World Wide Study Bible
a Bible passage
The Lord Is My Rock and My Fortress
To the choirmaster. A Psalm of David, the servant of the Lord, who addressed the words of this song to the Lord on the day when the Lord rescued him from the hand of all his enemies, and from the hand of Saul. He said:
1I love you, O Lord, my strength.
2The Lord is my rock and my fortress and my deliverer,
my God, my rock, in whom I take refuge,
my shield, and the horn of my salvation, my stronghold.
3I call upon the Lord, who is worthy to be praised,
and I am saved from my enemies.
6In my distress I called upon the Lord;
to my God I cried for help.
From his temple he heard my voice,
and my cry to him reached his ears.
7Then the earth reeled and rocked;
the foundations also of the mountains trembled
and quaked, because he was angry.
8Smoke went up from his nostrils,22Or in his wrath
and devouring fire from his mouth;
glowing coals flamed forth from him.
9He bowed the heavens and came down;
thick darkness was under his feet.
10He rode on a cherub and flew;
he came swiftly on the wings of the wind.
11He made darkness his covering, his canopy around him,
thick clouds dark with water.
12Out of the brightness before him
hailstones and coals of fire broke through his clouds.
13The Lord also thundered in the heavens,
and the Most High uttered his voice,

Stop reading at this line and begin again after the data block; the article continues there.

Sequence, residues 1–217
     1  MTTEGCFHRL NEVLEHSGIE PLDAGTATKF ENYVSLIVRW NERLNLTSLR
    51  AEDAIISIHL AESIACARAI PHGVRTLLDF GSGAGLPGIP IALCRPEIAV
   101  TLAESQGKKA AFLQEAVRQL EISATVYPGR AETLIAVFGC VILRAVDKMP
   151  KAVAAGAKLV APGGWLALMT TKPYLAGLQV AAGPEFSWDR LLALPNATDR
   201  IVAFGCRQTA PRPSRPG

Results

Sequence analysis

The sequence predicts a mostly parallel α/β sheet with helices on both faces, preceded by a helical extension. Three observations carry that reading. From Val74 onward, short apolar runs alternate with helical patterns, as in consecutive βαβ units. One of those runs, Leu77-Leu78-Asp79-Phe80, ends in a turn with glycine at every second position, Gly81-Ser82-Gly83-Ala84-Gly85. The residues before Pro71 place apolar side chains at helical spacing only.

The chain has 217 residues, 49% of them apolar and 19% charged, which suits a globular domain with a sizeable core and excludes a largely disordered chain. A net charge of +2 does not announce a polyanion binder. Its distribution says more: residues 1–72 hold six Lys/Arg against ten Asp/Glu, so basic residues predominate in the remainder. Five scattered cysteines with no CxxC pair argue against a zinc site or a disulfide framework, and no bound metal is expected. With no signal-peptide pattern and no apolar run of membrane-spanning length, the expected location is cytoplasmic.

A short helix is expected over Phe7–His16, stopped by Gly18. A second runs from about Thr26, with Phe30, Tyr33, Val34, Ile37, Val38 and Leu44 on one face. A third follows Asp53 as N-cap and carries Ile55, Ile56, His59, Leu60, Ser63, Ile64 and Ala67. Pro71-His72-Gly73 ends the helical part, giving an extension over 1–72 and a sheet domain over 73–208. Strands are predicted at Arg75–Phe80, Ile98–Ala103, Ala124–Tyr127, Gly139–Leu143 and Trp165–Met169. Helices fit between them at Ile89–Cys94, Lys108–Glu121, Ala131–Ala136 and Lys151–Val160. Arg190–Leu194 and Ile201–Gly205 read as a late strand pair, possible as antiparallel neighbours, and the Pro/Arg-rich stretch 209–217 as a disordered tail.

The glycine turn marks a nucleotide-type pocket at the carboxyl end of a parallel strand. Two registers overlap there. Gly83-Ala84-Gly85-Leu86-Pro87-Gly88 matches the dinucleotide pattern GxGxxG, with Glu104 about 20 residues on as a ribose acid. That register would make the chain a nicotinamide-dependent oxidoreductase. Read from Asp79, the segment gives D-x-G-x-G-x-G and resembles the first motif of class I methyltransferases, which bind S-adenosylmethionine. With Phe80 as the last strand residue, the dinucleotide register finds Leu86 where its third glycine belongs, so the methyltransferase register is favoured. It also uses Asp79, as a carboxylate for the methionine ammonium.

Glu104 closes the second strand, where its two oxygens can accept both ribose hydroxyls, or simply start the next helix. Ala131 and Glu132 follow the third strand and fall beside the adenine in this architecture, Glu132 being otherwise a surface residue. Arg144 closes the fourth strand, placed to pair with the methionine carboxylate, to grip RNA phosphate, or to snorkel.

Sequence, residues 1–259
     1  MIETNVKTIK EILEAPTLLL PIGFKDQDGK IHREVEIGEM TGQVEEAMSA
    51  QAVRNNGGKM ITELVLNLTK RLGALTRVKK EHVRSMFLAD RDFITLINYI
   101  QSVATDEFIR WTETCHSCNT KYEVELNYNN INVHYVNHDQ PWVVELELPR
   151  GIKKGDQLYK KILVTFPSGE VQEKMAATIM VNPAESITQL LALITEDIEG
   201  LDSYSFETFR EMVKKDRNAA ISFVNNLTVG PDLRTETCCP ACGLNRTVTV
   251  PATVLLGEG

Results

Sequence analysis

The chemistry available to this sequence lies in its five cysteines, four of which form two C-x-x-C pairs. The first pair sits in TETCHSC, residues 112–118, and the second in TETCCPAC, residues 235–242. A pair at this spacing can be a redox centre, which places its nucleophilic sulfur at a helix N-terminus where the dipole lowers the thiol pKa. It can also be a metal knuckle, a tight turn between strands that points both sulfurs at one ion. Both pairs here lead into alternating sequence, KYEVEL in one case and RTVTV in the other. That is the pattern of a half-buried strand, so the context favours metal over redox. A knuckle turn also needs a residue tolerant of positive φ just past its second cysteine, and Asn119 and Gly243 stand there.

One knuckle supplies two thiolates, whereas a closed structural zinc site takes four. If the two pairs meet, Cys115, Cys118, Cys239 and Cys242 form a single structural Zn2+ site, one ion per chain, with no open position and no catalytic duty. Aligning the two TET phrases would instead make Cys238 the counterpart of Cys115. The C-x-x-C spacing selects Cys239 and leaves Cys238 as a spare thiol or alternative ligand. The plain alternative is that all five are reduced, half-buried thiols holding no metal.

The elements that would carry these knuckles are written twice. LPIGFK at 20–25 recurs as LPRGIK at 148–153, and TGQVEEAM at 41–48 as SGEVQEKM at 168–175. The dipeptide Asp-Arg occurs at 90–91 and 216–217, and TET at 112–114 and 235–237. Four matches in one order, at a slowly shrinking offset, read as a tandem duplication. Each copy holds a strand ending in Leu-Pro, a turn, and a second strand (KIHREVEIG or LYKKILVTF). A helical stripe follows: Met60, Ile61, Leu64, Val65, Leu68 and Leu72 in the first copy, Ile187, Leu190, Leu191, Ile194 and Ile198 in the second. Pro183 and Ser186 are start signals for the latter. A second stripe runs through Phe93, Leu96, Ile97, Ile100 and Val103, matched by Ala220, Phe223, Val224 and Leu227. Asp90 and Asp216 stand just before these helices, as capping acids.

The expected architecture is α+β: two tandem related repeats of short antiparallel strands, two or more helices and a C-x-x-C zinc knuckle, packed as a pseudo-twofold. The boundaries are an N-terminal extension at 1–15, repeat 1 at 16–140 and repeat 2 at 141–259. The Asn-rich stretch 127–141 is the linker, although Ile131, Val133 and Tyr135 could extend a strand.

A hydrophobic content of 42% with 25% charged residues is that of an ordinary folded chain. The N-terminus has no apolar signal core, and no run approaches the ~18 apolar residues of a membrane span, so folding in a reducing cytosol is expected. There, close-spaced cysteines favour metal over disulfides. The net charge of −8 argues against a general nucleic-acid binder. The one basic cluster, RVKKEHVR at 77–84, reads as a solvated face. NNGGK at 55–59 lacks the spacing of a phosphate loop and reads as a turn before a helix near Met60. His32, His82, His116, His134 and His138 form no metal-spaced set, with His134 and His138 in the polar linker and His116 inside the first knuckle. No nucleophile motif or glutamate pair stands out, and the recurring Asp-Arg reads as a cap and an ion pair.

hailstones and coals of fire.
14And he sent out his arrows and scattered them;
he flashed forth lightnings and routed them.
15Then the channels of the sea were seen,
and the foundations of the world were laid bare
at your rebuke, O Lord,
at the blast of the breath of your nostrils.
16He sent from on high, he took me;
he drew me out of many waters.
17He rescued me from my strong enemy
and from those who hated me,
for they were too mighty for me.
18They confronted me in the day of my calamity,
but the Lord was my support.
19He brought me out into a broad place;
he rescued me, because he delighted in me.
20The Lord dealt with me according to my righteousness;
according to the cleanness of my hands he rewarded me.
21For I have kept the ways of the Lord,
and have not wickedly departed from my God.
22For all his rules33Or just decrees were before me,
and his statutes I did not put away from me.
23I was blameless before him,
and I kept myself from my guilt.
24So the Lord has rewarded me according to my righteousness,
according to the cleanness of my hands in his sight.
25With the merciful you show yourself merciful;
with the blameless man you show yourself blameless;
26with the purified you show yourself pure;
and with the crooked you make yourself seem tortuous.
27For you save a humble people,
but the haughty eyes you bring down.
28For it is you who light my lamp;
the Lord my God lightens my darkness.
29For by you I can run against a troop,
and by my God I can leap over a wall.
30This God—his way is perfect;44Or blameless
the word of the Lord proves true;
he is a shield for all those who take refuge in him.
31For who is God, but the Lord?
And who is a rock, except our God?—
32the God who equipped me with strength
and made my way blameless.
33He made my feet like the feet of a deer
and set me secure on the heights.
34He trains my hands for war,